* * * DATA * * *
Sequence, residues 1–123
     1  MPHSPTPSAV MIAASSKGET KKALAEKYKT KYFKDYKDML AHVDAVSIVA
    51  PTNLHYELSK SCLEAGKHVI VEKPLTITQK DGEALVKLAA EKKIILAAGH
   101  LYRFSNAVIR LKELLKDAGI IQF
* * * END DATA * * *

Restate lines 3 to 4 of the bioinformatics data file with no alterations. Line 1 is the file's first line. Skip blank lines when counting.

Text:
    51  PTNLHYELSK SCLEAGKHVI VEKPLTITQK DGEALVKLAA EKKIILAAGH
   101  LYRFSNAVIR LKELLKDAGI IQF